The aim of this study was to clarify the relative contributions of the amount of oxygen in the blood, and vasoconstriction/dilation responsible for changes in T1 and T2 observed in brain during hyperoxia.
T1 and T2 values of the cerebral cortex and pituitary gland in mice were determined in room air. After room air was changed to either 100% oxygen (n = 8) or carbogen (n = 8), T1 and T2 values were again determined. Changes in each value with both gases were compared.
In both challenges, T1 values of the cerebral cortex decreased, whereas significant T2 prolongation of the cerebral cortex and pituitary gland was demonstrated. However, both cortex and pituitary gland displayed similar responses in T1 and T2 values when exposed to 100% oxygen or carbogen.
Reduction of T1 was introduced by the increased amount of dissolved oxygen in blood, and the increased fraction of oxyhemoglobin caused T2 prolongation. The contribution of vasoconstriction/dilation by carbogen to changes in T1 and T2 may be negligible.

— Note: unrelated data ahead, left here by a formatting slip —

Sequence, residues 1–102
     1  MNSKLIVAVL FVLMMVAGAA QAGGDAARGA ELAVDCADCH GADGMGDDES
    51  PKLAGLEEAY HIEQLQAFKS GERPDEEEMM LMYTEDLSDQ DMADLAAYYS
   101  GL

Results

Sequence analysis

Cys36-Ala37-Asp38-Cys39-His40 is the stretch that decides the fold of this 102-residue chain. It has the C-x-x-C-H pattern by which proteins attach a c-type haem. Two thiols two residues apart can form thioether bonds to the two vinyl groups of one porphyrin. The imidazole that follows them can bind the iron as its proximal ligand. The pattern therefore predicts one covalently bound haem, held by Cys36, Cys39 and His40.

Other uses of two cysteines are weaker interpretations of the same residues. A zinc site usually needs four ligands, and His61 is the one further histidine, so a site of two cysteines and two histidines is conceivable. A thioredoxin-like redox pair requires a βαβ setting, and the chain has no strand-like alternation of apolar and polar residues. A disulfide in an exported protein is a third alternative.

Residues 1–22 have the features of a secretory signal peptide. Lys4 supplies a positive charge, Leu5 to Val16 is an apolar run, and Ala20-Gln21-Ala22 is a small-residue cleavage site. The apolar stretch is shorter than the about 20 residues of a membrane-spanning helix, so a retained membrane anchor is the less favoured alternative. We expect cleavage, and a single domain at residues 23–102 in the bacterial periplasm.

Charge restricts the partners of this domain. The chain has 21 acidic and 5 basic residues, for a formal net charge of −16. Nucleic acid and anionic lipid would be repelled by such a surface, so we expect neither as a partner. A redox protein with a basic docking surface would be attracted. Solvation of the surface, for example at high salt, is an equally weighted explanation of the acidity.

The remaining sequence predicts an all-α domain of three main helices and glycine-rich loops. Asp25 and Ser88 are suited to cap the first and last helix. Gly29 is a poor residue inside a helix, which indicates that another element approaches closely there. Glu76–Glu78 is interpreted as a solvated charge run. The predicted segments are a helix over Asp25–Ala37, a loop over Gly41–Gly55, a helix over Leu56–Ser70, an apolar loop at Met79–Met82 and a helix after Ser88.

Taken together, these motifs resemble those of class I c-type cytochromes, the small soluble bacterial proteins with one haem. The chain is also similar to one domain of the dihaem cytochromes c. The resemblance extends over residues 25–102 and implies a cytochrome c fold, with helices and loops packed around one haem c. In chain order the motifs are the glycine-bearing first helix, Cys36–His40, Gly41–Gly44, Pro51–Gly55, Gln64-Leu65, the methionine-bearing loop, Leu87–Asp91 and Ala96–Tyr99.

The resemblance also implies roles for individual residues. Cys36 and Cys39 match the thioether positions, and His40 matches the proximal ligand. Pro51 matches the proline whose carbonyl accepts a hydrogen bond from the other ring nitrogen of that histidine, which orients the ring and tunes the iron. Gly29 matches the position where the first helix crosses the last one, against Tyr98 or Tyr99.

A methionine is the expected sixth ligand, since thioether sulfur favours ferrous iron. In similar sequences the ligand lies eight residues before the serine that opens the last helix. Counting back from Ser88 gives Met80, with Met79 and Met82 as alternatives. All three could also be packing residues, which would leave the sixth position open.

From the *Department of Radiology, University of Fukui, Fukui, Japan; †Department of Radiology, Beth Israel Deaconess Medical Center, Harvard Medical School, Boston, MA; ‡Department of Radiology, University of Pennsylvania Medical Center; and §NMR Core Facility and ∥Division of Hematology, Children's Hospital of Philadelphia, Philadelphia, PA.
Received for publication March 11, 2006; accepted December 13, 2006.
Reprints: Hidemasa Uematsu, MD, PhD, Department of Radiology, University of Fukui, 23 Matsuoka-shimoaizuki, Eiheiji-cho, Yoshida-gun, Fukui 910-1193, Japan (e-mail: email@example.com).
This work was supported by NIH grants U24 HL-58930 and P60 HL-38632.